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- To: <mark>
- Subject: FromNess, ToNess
- From: Ravi Pandya <ravi>
- Date: Wed, 31 Jan 90 08:06:53 PST
- Cc: <bobp>, <xanatech>
- In-reply-to: <MarkS.Miller'smessageofTue>,22 PST <9001310342.AA19692@xanadu>
Summary: I think modest evolution of the current set of Waldos in
Docs&Links will eliminate the need to expose Berts&Orgls.
Date: Tue, 30 Jan 90 19:42:22 PST
From: mark (Mark S. Miller)
Date: Tue, 30 Jan 90 10:24:13 PST
From: bobp (Bob Perez)
I've been meaning to ask this for some time: what advantages are there
(both for us and for the developer community) in releasing B&O? Apart from
N-ended links, what features do we anticipate getting used?
One can think of the Berts & Orgls layer as attempting to provide low
level semi-direct access to the powers of the Ent in a way consistent
with secure asyncronous distributed multi-party use. The Docs & Links
layer makes a *LOT* of policy choices about particular ways we think
are useful to use that power. When Docs&Links are the only Febe
interface, our users are locked into those policy choices. With
Orgls&Berts exposed, they can do Docs&Links like systems of their own.
The Docs&Links part of Docs&Links makes policy choices, but the
Record-level waldo interface (which will be available as part of D&L)
provides almost all of the power of Orgls&Berts, and with some further
evolution I think it will provide essentially complete access to the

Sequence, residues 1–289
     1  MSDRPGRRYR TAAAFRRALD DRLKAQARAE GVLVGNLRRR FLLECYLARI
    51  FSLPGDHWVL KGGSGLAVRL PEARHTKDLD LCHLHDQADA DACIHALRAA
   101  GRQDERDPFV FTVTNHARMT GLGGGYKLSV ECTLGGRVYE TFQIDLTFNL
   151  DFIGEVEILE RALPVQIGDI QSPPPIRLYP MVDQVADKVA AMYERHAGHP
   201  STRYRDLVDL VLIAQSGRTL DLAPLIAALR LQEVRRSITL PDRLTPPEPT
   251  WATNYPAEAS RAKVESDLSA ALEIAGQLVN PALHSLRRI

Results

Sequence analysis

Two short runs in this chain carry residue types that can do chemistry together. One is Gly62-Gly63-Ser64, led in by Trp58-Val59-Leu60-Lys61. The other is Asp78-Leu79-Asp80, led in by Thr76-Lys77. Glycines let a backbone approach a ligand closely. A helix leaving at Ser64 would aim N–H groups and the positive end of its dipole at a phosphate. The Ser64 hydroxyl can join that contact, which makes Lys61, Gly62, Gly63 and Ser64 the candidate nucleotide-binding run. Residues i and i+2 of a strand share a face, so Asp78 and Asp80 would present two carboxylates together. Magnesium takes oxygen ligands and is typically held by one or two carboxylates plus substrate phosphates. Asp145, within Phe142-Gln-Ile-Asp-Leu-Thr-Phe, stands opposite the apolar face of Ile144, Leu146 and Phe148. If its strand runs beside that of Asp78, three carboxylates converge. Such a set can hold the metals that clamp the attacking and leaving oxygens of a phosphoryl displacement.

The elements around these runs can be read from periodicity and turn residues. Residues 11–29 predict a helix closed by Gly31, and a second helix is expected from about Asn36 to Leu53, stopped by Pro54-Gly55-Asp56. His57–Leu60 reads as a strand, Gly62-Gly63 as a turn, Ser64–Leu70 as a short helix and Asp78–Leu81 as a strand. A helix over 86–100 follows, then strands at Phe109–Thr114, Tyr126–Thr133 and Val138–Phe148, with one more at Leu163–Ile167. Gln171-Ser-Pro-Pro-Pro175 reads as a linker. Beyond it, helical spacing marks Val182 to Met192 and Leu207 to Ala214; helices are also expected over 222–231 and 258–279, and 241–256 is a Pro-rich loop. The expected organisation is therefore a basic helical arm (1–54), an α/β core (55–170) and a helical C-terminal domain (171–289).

functionality of the ent. This has the advantage of providing this
power as an extension of the tools that our developers will be using,
rather than as a whole new level of tools they need to learn.
I still agree with all the above as a design philosophy (provide both
the most general low level *mechanism* you can, as well as a default
*policy* for its use); however, since Ravi took over Docs&Links, my
anxiety about its quality has disappeared.
Thanks! However, mine hasn't -- I think you transferred your anxiety
along with the responsibility.
John Walker has an ammusing story about experience with users of
AutoCad utilizing multiple layers in unexpected ways (which he might
relate if he sees this. John?). The story helps remind one to design
general degrees of freedom even if you can't forsee what they're
useful for. Note that this isn't the same as providing lots of
widgets whose utility is questionable.
The current D&L provides some special-purpose policy widgets -- Docs,
Links, LinkEnds, LinkEndSets, ... -- along with some general-purpose
policy-free widgets -- DirectRecords, MappedRecords, WaldoSets,
IDSets, .... The only reference the general ones make to the special
ones is in creating a LinkEnd on a piece of material, and its
structure is such that it doesn't need to be inside a document, or
structured into LinkEndSets and Links. A LinkEnd by itself provides
that ability to follow, and anything above that is optional policy.